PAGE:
Surface temperature impacts of jet contrail outbreaks and their forecasting applications for two sub-regions of the Continental United States

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Wednesday, 5 February 2014
Hall C3 (The Georgia World Congress Center )
Jase E. Bernhardt, Penn State Univ., University Park, PA; and A. M. Carleton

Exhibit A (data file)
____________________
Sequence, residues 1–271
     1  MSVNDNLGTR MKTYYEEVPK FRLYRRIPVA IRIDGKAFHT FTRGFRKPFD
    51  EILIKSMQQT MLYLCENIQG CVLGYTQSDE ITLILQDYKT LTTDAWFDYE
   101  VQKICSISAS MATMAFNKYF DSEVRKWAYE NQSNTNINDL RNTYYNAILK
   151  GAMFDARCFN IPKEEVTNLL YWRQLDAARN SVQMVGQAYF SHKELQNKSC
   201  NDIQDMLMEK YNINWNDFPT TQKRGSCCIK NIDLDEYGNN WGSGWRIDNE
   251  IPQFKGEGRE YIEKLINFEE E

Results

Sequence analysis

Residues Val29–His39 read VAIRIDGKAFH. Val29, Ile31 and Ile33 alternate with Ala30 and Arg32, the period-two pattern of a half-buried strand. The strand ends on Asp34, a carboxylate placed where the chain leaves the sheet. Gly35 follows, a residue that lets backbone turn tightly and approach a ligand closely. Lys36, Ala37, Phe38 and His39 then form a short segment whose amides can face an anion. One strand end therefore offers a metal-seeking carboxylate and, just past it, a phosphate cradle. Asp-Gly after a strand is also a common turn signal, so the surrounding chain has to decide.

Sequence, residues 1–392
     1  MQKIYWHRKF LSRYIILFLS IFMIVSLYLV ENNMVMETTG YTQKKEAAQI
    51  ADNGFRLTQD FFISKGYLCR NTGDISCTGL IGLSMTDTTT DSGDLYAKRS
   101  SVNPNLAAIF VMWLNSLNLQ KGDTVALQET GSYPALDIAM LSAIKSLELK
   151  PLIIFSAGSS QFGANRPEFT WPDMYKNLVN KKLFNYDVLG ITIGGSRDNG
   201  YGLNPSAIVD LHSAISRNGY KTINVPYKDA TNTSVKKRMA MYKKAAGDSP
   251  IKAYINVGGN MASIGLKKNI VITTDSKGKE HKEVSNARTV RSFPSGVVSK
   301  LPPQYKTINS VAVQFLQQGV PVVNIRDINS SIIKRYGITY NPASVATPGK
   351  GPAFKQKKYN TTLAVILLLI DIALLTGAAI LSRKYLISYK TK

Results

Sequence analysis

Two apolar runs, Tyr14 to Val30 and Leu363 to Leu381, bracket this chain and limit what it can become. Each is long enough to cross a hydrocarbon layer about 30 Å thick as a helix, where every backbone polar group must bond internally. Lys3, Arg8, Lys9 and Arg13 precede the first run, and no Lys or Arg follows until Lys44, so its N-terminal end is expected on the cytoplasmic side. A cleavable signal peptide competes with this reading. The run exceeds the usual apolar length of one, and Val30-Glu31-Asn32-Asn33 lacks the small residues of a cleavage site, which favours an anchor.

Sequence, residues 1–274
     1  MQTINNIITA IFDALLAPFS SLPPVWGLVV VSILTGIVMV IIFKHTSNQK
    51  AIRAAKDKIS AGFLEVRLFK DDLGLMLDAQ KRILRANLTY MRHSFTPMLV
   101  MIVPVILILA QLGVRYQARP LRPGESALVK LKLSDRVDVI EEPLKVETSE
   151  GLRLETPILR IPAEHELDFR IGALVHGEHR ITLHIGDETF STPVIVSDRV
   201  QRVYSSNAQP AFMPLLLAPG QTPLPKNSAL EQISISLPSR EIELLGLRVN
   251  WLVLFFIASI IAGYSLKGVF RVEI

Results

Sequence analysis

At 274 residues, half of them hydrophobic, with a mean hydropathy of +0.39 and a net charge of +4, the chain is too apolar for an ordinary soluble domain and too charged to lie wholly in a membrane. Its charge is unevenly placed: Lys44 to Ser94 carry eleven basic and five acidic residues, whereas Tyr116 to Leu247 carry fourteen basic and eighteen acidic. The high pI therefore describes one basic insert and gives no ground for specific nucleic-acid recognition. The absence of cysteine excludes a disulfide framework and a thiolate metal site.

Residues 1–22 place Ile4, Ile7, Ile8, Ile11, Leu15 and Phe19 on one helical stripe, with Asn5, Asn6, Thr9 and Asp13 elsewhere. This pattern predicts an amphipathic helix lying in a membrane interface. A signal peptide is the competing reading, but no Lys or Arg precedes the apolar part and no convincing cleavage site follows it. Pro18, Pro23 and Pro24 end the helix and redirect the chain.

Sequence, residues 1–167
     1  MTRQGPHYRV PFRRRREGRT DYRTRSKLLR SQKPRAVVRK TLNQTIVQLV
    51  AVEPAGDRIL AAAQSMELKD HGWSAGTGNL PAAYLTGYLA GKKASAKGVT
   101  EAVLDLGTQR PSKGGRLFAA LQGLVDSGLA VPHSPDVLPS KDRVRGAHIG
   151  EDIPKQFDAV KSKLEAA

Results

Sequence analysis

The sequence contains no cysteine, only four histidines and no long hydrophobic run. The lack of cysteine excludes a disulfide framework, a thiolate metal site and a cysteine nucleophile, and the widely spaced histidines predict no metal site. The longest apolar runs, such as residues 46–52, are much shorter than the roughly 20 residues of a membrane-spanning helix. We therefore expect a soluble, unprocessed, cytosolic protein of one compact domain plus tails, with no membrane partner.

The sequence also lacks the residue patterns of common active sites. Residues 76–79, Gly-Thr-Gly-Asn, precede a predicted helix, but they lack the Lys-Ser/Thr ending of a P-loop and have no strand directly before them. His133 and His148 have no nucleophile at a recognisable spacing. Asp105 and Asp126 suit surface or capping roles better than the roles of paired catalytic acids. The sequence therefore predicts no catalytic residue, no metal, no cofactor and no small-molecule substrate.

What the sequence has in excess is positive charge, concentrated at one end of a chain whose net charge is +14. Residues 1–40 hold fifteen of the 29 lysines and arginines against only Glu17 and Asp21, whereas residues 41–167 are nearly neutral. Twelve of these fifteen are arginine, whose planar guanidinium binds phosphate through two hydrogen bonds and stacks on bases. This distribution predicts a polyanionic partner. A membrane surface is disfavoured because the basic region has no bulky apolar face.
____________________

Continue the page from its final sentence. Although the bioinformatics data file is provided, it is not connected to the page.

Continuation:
The artificial cloudiness, or “contrail cirrus,” that results from multiple jet contrails (“clear-sky outbreaks”) can last for several hours, altering the radiation budget, and thereby potentially, surface temperatures. An extensive database of satellite-derived outbreaks over two sub-regions of the continental United States– the South and the Midwest –for two mid-season months (January, April) of 2008 and 2009 was used to determine the impact of contrail outbreaks on the diurnal temperature range (DTR). This was achieved by comparing the departures from the long-term normal at stations overlain by outbreaks with those at adjacent stations having similar synoptic meteorological and land surface conditions, but not experiencing contrail cloudiness. The results at the South stations during January, and the Midwest stations in April, both indicate a statistically significant suppression of DTR at contrail outbreak stations versus adjacent non-outbreak stations. A synoptic climatology (i.e., composite average) of upper troposphere variables (temperature, specific humidity, horizontal winds, and vertical lapse rate) for these longer-lasting jet contrail outbreaks links the impacts of contrail outbreaks with the conditions favorable for their formation. Specifically, enhanced gradients of specific humidity and temperature, as well as greater wind shear- conditions symptomatic of a baroclinic environment- characterized the formation of longer-lived outbreaks. The synoptic climatology also was the basis for successful prediction and retrodiction (hindcasting) of contrail outbreak cases through the use of reanalysis and forecast model data.